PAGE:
Every trader has an exit strategy. Temasek doesn’t as it can continue to keep bad investments in its portfolio ostensibly for the long run. Temasek is able to do so because it has a constant inflow of capital from government reserves. It is also not answerable to parliament for huge losses and the government has refused to address the issue of Temasek’s opacity.

I will use the same example of Standchart shares again. Since the SGD/GBP exchange rate has declined about 25% from 2.8 to 2.1, Temasek’s hands are tied as an exit would mean taking huge losses. It does not have any idea where forex movements are heading. (nobody does) Negative news from Standchart has been making headlines and Temasek appears to be holding out for a takeover in order for the investment to be profitable. This is reckless investing. Will Standchart become another Citibank or UBS? It is unlikely Temasek has any plans. Why does it insist on betting big with our reserves by assuming that its Stanchart investment will never fail?

GDP/SGD – currency losses of about 30% after a decade. (long term currency charts @ Forextop.com)

Making money locally but
Temasek stated that it made a net profit of $11 billion, mostly from local companies.

DBS $1.10 B 29% X $3.809 B
SINGTEL $1.82 B 52% X $3.508 B
PSA $1.26 B 100% X $1.257 B
MAPLETREE $0.93 B 100% X $0.932 B
KEPPEL $0.47 B 21% X $2.237 B
CAPITALAND $0.41 B 39% X $1.057 B
SEMBCORP $0.37 B 49% X $0.753 B
SP $0.36 B 100% X $0.357 B


..losing money overseas.

Temasek’s investments in the energy and resource sector overseas have been negative. link (FTS, Turquoise Hill Resources, Cheasapeake, Cheniere, etc.)

Absence of good corporate governance

Unlike companies with good corporate governance, Temasek does not even publish the remuneration of its directors. If it does not want to disclose actual figures, it could publish them in different remuneration bands eg. $20 million and above, $15 million to $20 million, etc. Even ministerial salaries and the multimillion salaries of CEOs are disclosed. Temasek should not be the exception. Temasek is funded with tax dollars and the public deserves nothing less.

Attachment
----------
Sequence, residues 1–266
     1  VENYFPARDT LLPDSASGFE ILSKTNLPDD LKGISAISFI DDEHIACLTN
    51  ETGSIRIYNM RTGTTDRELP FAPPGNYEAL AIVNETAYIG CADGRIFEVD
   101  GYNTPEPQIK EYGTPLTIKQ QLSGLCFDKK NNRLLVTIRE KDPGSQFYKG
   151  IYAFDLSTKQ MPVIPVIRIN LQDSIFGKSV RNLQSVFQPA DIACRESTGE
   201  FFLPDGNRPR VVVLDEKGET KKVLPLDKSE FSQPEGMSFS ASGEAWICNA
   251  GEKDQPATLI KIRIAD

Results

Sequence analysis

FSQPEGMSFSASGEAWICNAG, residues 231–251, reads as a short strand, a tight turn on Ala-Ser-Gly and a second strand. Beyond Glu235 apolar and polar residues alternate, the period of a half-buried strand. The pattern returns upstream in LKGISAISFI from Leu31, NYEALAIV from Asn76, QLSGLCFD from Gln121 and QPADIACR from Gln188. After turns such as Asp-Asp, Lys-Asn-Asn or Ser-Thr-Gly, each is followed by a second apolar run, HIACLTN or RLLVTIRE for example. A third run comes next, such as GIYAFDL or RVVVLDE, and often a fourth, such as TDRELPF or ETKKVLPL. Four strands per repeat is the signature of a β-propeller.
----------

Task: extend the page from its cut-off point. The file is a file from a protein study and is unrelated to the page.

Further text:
Temasek must also disclose the multimillion paychecks of its employees. A lot of information stated on its website is what it wants the public to know, not what we need to know.

Accountability has been another issue. A few billions or hundreds of millions could be wiped out within a relative short period of time on a single investment. This is not long term investing but punting. Those who made such decisions have to be held accountable. Temasek has not held any of its employees accountable.

Many citizens have lost trust in Temasek

An increasing number of citizens have become frustrated with Temasek’s opacity and many have completely lost our trust. Trust cannot be gained by depriving us of our right to information which should be in the public domain.

Temasek is funded by tax dollars and it cannot ignore the existence of taxpayers. It needs to publish all its investment during the year (there are not many), the individual market value of all its shareholdings (including unlisted ones) and its sources of income.


Temasek’s overseas investments have yielded little positive results as most of its profits are from local companies. It is quite likely to be stuck with a massive amount of foreign shares which are ‘underwater’ in the future.

Transparency and accountability are issues which concern Temasek. Without publishing a complete set of figures, stakeholders will continue to remain in the dark.

Is Temasek afraid that transparency may reveal more losses? Are losses being covered up using government reserves? Until Temasek becomes transparent, there are no answers to these questions.

This entry was posted in FINANCE, POLITICS. Bookmark the permalink.

3 Responses to 20140319 Temasek should not fear transparency if it has not incurred losses

  1. Pingback: Daily SG: 20 Mar 2014 | The Singapore Daily

  2. Lone Guy says:

    As our good Minister claimed “we do not do transparency for the sake of transparency” but for good governance. How do you judge if there is good governance when you have no access to critical information in the first place. That to me was a most stupid excuse I ever heard. Given Temasek’s records of making milkman and e Ministers laugh all the way to the bank, this is Sunny news to one Indian

  3. Pingback: 20140323 Citizens must reject PAP politics of control for our well being | likedatosocanmeh